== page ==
Dr. Bement testified that the proposed funding increase for NSF is reflective of the Administration's confidence in the agency and the importance to the U.S. economy of NSF's investments in research and development. "At a time when many agencies are looking at budget cuts, an increase in our budget underscores the Administration's support of NSF's science and engineering programs, and reflects the agency's excellent management and program results."
"For us to sustain our preeminence in important areas of science and technology, I believe that we are going to have to make an even greater investment in finding not only the best science and engineering to support, but also the highest impact science and engineering," said Dr. Wrighton. "Overall I think our competitiveness as a nation will hinge on ramping up our investment in science and engineering in ways that allow us to remain preeminent. These investments are a source of innovation for America and nothing will be more important than securing our economic well-being."
Dr. Boesz told the Committee that her office conducts an annual assessment of the greatest management and performance challenges facing NSF. In her testimony, she outlined her office's concerns about NSF's post-award monitoring of research grants, oversight of large facilities construction, and workforce planning. She testified, "I realize that resources are needed for NSF to fully address these challenges. However, I also believe that realignment of NSF's management priorities should ease the resource burden."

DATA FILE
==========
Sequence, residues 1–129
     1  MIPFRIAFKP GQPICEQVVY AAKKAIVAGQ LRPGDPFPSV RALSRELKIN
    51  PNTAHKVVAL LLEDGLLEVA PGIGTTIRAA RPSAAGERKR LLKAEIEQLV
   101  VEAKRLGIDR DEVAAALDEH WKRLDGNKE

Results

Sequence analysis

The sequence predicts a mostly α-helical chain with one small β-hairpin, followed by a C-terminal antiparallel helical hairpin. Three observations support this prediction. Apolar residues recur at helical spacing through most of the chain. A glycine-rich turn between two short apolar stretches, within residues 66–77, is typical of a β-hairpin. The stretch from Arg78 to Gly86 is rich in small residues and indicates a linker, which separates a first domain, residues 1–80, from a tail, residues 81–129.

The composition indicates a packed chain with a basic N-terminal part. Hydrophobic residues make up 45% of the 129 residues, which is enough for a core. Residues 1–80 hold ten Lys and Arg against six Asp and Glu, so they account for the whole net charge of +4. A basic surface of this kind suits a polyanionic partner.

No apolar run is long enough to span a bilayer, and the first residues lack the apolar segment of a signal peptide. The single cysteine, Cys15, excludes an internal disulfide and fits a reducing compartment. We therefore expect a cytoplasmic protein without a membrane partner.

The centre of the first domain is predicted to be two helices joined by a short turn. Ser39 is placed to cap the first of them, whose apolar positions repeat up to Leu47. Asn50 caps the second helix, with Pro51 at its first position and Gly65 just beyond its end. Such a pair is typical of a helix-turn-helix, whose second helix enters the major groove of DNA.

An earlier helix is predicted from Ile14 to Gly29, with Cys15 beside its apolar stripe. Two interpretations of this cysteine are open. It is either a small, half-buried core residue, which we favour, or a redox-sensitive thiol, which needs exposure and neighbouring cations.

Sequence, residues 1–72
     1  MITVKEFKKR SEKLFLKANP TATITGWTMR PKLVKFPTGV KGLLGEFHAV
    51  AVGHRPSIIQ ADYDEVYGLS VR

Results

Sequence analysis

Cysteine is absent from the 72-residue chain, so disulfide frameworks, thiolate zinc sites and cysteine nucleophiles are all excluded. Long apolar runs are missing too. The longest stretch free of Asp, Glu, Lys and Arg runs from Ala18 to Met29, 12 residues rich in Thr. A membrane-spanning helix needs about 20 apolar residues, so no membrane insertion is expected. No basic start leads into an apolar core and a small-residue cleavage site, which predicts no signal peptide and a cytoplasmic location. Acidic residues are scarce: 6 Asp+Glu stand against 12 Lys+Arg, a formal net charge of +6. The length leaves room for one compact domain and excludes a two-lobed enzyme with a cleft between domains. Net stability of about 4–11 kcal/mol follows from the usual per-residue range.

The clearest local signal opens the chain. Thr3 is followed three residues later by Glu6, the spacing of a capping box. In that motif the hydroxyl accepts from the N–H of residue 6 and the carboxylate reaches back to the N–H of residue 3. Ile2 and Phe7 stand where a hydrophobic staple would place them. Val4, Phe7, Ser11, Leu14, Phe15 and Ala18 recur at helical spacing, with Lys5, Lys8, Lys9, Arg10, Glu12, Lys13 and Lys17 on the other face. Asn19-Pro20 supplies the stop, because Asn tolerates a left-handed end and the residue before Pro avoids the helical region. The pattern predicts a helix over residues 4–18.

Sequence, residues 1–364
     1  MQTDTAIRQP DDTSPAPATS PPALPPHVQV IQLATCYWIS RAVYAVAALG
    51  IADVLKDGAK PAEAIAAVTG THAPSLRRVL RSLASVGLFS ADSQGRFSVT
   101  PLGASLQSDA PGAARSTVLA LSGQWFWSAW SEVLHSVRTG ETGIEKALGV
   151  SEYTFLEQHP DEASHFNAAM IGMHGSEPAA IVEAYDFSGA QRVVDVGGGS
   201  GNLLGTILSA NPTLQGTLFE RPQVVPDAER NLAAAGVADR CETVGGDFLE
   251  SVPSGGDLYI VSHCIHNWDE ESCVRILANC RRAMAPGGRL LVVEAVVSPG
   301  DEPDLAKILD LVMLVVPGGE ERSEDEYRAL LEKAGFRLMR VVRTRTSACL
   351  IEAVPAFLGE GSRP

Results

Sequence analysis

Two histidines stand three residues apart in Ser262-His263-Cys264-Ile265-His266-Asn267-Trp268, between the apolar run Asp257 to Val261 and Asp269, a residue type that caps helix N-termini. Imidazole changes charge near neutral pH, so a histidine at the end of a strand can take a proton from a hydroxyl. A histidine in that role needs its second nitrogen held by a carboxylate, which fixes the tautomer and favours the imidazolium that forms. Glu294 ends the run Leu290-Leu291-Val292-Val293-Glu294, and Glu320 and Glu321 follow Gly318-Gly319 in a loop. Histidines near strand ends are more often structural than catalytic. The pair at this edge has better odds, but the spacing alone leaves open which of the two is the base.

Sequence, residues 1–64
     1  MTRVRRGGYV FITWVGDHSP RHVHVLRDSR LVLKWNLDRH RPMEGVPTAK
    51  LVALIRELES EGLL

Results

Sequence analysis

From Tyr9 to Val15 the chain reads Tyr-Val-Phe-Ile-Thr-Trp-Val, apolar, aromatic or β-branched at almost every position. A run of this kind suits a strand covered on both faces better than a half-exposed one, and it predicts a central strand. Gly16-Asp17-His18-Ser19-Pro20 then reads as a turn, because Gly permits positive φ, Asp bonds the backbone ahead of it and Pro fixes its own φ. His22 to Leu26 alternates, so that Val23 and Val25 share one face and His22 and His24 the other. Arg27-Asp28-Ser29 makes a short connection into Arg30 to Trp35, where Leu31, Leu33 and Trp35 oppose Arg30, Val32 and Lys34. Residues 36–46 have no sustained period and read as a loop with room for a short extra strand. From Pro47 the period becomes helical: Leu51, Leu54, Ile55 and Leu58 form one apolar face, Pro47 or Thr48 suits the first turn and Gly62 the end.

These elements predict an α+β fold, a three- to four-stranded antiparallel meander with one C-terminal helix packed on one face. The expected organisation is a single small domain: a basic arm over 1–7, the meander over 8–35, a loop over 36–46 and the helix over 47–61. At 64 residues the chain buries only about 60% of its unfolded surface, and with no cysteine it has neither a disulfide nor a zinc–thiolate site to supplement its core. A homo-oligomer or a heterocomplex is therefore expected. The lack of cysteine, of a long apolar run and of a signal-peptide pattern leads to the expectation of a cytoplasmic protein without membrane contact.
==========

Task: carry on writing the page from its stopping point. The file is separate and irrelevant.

Sources: National Science Foundation website, American Institute of Physics, NSF FY06 budget briefing, House of Representatives website, United States Senate website, Earthscope, IRIS and STEM Working Group documents, AAAS website, Hearing testimony, CNSF Coalition, STEM Education Coalition.
Please send any comments or requests for information to the AGI Government Affairs Program at email@example.com.
Contributed by Emily Lehr Wallace, AGI Government Affairs Program; Katie Ackerly, AGI Government Affairs Program; John Vermylen, 2005 AGI/AIPG Summer Intern; Anne Smart, 2005 AGI/AIPG Summer Intern.
Last Update November 8, 2005